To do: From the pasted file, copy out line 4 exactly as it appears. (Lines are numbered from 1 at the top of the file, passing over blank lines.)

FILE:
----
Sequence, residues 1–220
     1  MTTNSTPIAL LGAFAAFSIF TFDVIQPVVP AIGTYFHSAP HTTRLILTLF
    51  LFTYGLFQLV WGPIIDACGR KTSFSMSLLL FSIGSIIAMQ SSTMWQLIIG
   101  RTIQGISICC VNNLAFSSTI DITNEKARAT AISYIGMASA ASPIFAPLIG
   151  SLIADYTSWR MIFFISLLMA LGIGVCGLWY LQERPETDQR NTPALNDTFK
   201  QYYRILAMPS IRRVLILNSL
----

   101  RTIQGISICC VNNLAFSSTI DITNEKARAT AISYIGMASA ASPIFAPLIG